The Other issue with this is that it means there is no monitor mount, no VESA mount for me is an instant no buy, but it does have other problems, for instance there is no height or swivel adjustment on the PDS241, only tilt, and even that has a narrow range. Quite literally the epitome of Form over Function.
Monitor Quality – PDS241
So, aside from the issue of the breakout box, how actually is the monitor? Well, I am glad to tell you that it really is awesome. My biggest issues with using the PDS241 are that I’ve been using an ultrawide for the last 6 months so everything felt narrow to me, but if you hadn’t altered your workflow for a wider than average monitor the PDS241 is actually pretty awesome.
Starting off with the rated brightness, the 250 nits that AOC claim seems to be on the low side, but when in use, the fact that it is a matte panel with those 250 nits, honestly, it felt perfectly fine, much easier to use than a glossy panel and surprisingly I never felt like I needed to jack up the brightness to see something, which is impressive, seeing as behind where I sit are 2 8ftx2ft windows, meaning that on a bright day, this room gets a lot of light, and the PDS241 held up just fine.
So what about refresh rates? Well, I was expecting the 60Hz refresh rate to be a pain as I am used to 75Hz, but once again, I barely felt the difference unless I was frantically moving the mouse around the screen as much as possible. There is no adaptive sync, of the Free or G varieties, and I don’t actually care. The PDS241 is not a gaming monitor and isn’t marketed as one, the 4ms grey-to-grey response times wouldn’t be greatly accepted by gamers either, so I don’t mind that it doesn’t have adaptive sync.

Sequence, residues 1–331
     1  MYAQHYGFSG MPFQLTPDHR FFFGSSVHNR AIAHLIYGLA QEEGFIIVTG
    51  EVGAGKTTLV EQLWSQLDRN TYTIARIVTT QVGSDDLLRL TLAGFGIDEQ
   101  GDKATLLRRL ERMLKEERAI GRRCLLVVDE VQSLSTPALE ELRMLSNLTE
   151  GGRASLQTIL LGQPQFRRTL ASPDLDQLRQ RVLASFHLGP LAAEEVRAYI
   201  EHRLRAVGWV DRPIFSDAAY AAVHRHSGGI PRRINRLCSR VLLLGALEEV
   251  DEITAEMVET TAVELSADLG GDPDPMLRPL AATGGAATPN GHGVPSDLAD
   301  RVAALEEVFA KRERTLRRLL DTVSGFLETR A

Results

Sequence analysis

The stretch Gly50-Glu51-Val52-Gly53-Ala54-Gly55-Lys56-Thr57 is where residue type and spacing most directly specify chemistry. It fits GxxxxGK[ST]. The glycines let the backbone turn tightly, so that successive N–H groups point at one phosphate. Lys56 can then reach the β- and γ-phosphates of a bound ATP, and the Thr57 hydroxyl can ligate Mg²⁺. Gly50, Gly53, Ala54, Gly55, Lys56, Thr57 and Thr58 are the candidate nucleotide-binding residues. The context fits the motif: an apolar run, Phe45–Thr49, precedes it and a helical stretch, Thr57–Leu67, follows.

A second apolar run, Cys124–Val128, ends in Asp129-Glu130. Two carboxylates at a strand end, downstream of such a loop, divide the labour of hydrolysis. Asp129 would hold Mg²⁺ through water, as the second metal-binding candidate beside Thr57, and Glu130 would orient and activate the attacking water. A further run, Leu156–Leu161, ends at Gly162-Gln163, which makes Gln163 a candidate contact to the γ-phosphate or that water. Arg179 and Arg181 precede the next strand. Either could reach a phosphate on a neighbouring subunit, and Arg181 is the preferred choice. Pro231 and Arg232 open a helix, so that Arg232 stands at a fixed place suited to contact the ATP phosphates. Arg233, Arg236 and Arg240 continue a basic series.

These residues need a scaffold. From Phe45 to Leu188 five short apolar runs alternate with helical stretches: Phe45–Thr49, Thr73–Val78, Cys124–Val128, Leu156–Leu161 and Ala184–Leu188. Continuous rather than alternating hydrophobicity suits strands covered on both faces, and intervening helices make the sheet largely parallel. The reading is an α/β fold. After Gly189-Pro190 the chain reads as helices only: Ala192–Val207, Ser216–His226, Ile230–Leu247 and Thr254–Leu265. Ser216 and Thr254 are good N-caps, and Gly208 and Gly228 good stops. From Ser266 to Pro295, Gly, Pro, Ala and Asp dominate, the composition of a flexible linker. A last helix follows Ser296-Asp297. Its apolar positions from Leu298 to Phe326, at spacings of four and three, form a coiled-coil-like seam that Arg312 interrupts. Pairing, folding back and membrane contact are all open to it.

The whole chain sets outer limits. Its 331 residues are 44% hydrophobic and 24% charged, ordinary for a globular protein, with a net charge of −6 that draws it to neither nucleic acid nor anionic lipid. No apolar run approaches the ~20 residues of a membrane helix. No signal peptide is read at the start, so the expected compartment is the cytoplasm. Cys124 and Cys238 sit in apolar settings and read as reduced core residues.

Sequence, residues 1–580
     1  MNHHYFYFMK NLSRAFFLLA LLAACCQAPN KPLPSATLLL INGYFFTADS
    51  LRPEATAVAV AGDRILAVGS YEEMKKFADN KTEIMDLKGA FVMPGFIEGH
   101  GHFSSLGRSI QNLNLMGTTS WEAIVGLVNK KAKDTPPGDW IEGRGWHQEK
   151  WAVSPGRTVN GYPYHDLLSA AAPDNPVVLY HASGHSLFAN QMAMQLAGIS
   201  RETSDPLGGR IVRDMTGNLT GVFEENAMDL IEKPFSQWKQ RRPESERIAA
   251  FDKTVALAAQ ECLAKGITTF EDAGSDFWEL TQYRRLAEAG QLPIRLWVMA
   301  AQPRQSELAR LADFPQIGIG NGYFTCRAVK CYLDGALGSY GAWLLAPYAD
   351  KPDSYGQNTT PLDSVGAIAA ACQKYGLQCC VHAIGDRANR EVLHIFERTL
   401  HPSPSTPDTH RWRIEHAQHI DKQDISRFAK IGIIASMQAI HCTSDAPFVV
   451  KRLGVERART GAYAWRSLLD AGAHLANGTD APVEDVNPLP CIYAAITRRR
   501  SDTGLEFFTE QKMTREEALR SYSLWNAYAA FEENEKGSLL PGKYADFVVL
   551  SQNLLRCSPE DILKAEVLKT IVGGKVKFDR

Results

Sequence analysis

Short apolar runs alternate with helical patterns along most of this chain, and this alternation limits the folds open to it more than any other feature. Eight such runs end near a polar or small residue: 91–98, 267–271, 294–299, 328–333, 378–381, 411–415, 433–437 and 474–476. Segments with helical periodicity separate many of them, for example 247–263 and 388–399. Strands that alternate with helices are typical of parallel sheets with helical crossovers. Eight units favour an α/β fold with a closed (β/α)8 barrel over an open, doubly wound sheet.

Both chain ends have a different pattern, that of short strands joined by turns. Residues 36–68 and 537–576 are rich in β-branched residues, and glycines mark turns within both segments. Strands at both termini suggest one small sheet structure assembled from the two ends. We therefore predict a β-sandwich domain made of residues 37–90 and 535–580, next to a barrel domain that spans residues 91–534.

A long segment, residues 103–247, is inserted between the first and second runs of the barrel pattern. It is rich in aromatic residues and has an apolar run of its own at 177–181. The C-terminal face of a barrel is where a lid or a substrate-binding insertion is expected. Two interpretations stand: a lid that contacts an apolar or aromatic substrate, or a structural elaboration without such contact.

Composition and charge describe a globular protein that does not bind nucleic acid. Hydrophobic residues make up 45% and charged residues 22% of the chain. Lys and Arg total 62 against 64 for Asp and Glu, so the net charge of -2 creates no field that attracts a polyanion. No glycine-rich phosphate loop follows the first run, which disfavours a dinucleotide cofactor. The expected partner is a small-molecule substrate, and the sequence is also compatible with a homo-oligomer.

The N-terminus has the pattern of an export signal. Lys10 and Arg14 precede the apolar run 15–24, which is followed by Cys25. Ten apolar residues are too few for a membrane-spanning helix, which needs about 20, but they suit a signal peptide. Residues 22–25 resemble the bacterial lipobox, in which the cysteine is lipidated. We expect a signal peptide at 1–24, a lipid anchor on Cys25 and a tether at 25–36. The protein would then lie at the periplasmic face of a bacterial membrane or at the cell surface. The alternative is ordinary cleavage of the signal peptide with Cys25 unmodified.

The Last thing I want to note is how bad the OSD (On-screen display) for the PDS241 was, it was absolutely intolerable. After 10 minutes of trying to navigate my way around it on the first day I got the PDS241, I never touched it after that. There is a single button, and it isn’t a joystick like on my LG, it’s just bad, bad, bad design, which is annoying because it’s pretty much the only part of this that is poorly designed.
Conclusion – PDS241
So, as with all of my reviews, the conclusion comes down to should you buy it? Well, for £200 that the PDS241 goes for you can get a lot of good monitors, be they 1440p or even 4K/UHD ones, the problem is that you likely won’t get an IPS one at those priced and if you do, it likely won’t look as nice as this one does.
So, can you live with a limited monitor maneuverability stand ,only HDMI and a crappy on screen display? Well then if you can, you will get one of the prettiest and most stunning monitors I have used in a long time. I will be going back to my ultrawide with multiple Display outputs (DisplayPort FTW) and built in USB hub, but the PDS241 isn’t built for someone like me, could it be built for you?